Home arrow PHP arrow Using Subclasses and Accessors with Member Visibility to Protect PHP 5 Class Data

Using Subclasses and Accessors with Member Visibility to Protect PHP 5 Class Data

Itís quite probable that you want to see what happens when a private property defined by a parent is retrieved from inside a child class, or if itís possible to access it via an ďaccessorĒ method. Therefore, in the next few lines, Iím going to develop a bunch of practical examples that will help you grasp how to work with private properties in these situations.

TABLE OF CONTENTS:
  1. Using Subclasses and Accessors with Member Visibility to Protect PHP 5 Class Data
  2. Accessing private properties globally
  3. Accessing private properties from a subclass
  4. Retrieving the values of private properties using accessors
By: Alejandro Gervasio
Rating: starstarstarstarstar / 4
June 04, 2008

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Like many other robust, object-oriented languages available nowadays, PHP 5 comes equipped with a handy feature called "member visibility." This permits you to explicitly specify the level of access to the methods and properties of a given class. It's possible to declare data members public, protected, and private entities respectively, which helps to establish different grades of protection.

However, it's possible that you're a PHP developer who's just starting to use the object model of PHP 5 and you want to learn how to use member visibility when building your own classes. If this is true, then you've come to the right place, since in this series of articles, you'll be provided with the right pointers to help you start coding public, protected, and private data members within your neatly-crafted classes.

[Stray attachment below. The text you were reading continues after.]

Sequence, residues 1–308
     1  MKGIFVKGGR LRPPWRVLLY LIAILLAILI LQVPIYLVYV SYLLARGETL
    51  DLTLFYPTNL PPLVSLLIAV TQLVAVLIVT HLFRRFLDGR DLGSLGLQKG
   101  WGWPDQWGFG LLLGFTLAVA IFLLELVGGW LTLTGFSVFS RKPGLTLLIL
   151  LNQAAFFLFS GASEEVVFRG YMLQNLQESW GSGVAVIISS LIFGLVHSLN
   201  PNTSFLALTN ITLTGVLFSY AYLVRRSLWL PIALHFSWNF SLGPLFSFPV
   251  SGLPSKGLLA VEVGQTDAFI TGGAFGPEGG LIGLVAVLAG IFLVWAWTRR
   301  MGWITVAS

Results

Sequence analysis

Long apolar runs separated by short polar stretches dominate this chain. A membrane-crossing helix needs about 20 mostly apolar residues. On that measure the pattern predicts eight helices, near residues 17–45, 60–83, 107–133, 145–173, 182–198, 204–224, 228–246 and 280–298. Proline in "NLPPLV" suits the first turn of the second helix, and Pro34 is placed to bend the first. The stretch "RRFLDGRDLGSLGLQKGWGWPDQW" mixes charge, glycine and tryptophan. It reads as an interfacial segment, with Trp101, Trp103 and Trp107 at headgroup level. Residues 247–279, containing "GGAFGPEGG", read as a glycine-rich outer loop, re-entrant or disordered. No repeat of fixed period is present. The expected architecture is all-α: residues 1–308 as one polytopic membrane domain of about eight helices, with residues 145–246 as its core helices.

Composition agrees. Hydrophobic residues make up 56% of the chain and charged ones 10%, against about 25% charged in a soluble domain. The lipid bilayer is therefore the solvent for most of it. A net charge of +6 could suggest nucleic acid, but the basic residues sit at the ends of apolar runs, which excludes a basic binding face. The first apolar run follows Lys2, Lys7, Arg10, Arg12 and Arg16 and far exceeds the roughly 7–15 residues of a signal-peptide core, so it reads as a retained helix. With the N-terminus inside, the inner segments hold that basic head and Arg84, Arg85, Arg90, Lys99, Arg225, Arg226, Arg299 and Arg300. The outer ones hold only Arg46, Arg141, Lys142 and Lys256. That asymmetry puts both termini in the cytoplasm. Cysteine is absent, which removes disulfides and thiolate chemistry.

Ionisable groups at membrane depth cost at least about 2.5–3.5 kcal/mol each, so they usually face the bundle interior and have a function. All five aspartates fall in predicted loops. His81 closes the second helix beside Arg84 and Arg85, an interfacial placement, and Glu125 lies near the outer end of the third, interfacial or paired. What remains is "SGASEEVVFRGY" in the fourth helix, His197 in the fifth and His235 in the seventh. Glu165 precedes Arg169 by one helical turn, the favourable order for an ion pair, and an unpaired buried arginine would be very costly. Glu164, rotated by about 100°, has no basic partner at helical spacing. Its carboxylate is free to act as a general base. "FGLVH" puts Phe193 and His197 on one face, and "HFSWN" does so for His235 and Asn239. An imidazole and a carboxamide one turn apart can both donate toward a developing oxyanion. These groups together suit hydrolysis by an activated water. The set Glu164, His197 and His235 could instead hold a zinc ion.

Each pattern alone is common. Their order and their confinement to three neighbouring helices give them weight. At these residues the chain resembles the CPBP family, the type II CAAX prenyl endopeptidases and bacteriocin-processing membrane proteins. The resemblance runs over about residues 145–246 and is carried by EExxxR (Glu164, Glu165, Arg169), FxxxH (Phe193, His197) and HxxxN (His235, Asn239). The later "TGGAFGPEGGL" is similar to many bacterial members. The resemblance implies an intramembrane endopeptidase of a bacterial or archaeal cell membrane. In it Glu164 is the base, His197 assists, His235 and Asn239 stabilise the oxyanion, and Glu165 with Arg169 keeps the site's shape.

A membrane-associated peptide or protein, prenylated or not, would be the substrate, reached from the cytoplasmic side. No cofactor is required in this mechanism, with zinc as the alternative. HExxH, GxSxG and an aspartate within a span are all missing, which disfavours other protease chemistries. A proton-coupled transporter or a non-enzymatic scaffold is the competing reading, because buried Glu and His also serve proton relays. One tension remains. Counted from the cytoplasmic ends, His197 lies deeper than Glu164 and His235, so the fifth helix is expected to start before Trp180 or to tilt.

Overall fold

And now that I've mentioned the series, you'll certainly recall that in the last article, I explained how to work with a couple of private properties that partially comprised the API of a basic class, which is useful for saving simple strings to a specified text file.

With that class available for testing purposes, I demonstrated how the PHP interpreter triggered a fatal error each time the private properties in question were accessed from outside of the originating class. Nevertheless, there are still some additional aspects concerning the use of private properties within PHP 5 classes that need to be covered.

Now, let's get rid of the preliminaries and continue learning useful things about using private properties with PHP 5 classes. Let's get going!



 
 
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